Finding Hope in the Face of Climate Change

- Blog

Land trusts navigate the integration of climate change science into conservation

Photo credit Jason Dzurisin, Flickr

On a blustery Friday on the banks of the Columbia River, over 100 land trust practitioners from across the Pacific Northwest gathered to discuss one of the most pressing issues of our era: climate change.

Together, the land trust community wrestled with some fundamental questions: How can we best incorporate climate change into our conservation work? What is the role of a land trust in communicating the impacts of climate change? How can we use our connections to land to enhance resilience and improve carbon storage?

This was all part of November 16th’s “Integrating Climate Change into Conservation Strategies” training hosted by the Land Trust Alliance, the Coalition of Oregon Land Trusts, and the Washington Association of Land Trusts in Vancouver, WA.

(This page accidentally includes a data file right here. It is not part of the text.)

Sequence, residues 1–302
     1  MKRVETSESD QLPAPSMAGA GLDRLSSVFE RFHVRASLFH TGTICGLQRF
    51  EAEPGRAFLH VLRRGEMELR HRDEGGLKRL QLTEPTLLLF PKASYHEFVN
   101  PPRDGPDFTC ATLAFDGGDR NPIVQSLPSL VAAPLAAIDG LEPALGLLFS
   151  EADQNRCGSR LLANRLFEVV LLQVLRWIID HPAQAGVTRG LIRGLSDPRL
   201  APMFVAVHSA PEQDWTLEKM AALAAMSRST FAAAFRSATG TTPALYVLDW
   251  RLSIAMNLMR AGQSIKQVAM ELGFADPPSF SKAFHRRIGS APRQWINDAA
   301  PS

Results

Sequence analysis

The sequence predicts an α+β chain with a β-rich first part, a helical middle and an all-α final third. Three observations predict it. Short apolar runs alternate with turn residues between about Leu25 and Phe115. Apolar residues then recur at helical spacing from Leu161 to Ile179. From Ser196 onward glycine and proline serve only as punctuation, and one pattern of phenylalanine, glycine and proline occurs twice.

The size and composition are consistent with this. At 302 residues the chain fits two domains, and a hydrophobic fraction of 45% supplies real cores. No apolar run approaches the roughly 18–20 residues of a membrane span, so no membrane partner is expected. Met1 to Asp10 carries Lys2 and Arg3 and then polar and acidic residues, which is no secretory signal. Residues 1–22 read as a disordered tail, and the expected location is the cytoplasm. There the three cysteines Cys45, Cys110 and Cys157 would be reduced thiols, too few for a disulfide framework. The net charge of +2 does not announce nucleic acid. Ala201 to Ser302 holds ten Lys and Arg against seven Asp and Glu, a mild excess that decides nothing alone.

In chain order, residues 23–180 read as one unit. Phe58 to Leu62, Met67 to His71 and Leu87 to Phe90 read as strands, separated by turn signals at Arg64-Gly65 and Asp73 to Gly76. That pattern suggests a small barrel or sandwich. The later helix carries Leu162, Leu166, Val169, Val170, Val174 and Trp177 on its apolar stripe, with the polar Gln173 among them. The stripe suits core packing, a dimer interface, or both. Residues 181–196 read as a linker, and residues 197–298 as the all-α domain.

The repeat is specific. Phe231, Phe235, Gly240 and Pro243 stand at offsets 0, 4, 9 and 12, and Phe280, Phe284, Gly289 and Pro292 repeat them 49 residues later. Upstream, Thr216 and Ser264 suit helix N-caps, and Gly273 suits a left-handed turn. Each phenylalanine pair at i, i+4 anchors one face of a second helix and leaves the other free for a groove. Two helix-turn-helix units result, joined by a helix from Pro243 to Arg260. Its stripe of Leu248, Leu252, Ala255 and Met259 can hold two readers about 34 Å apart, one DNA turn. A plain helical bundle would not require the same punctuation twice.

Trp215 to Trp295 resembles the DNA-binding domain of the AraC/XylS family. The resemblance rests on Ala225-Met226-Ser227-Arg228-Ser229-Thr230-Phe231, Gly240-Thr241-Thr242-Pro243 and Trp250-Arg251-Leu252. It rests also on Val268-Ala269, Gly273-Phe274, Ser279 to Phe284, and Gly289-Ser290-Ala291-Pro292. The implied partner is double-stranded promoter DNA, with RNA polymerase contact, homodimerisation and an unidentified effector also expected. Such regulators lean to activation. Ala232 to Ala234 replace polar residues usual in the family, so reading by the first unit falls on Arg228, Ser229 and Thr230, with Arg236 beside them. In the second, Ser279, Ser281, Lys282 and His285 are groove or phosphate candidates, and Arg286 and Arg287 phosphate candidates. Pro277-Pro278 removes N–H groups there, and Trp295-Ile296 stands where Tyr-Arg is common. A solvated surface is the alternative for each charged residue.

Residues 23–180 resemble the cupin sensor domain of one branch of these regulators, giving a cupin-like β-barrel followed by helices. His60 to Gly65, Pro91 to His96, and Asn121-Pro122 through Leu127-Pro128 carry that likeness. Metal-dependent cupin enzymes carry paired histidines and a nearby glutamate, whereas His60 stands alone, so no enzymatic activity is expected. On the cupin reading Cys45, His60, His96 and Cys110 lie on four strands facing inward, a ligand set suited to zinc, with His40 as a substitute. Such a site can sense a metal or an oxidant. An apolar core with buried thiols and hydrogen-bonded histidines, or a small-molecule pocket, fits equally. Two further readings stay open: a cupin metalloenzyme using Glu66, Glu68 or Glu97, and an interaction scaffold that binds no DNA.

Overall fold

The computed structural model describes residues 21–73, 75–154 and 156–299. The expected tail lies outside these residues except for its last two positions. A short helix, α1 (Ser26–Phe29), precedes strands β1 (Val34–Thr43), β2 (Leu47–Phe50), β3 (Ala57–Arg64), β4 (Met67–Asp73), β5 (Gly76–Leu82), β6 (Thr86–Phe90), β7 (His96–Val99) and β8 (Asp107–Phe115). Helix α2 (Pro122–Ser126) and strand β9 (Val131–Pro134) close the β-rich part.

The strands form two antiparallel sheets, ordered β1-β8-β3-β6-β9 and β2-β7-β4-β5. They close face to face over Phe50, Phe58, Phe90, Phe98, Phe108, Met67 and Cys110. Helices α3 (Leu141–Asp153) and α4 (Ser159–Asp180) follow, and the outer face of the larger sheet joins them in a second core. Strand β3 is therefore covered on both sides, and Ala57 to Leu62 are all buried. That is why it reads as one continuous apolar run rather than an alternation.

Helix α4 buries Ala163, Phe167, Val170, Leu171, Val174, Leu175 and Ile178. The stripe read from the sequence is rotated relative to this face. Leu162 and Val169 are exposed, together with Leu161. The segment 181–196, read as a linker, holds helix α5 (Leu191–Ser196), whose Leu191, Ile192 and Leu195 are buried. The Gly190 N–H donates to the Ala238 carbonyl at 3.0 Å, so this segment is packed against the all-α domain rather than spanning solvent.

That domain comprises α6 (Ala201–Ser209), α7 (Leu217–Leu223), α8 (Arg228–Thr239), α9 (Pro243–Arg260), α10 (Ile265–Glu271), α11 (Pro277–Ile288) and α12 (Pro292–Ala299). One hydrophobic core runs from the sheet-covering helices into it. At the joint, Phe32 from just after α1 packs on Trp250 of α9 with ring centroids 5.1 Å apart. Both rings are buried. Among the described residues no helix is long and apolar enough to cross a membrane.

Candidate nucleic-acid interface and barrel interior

While the challenges posed by climate change are complex, this training assembled experts in landscape ecology, communications science, environmental policy, and beyond to help guide us in reaching for local solutions to such a global problem. We found some key takeaways:

  • In the United States, nature has the potential to remove 21% of the nation’s carbon pollution by absorbing and storing carbon. This means that the work that land trust work in protecting, restoring, and stewarding our land and shoreline are a critical piece of any long-term effort to mitigate the effects of climate change.
  • Some land trusts are tackling climate change head-on in their outreach and communications, and being the better for it.
  • Between the carbon market, foundation support, and partnerships with businesses and agencies, the opportunities to help finance climate-related projects are only growing.

Over the course of many reflective, tough, and hopeful conversations that day, there was a growing realization among us all: climate change is something that threatens our collective mission to preserve important conservation values for the public good. At WALT, we are proud to continue efforts to turn this realization into reality for our member land trusts, and to continue sharing the importance of natural climate solutions with decision makers across the state.


This training could not be possible without the support of the Puyallup Tribe of Indians and the Keta Legacy Foundation. Thank you!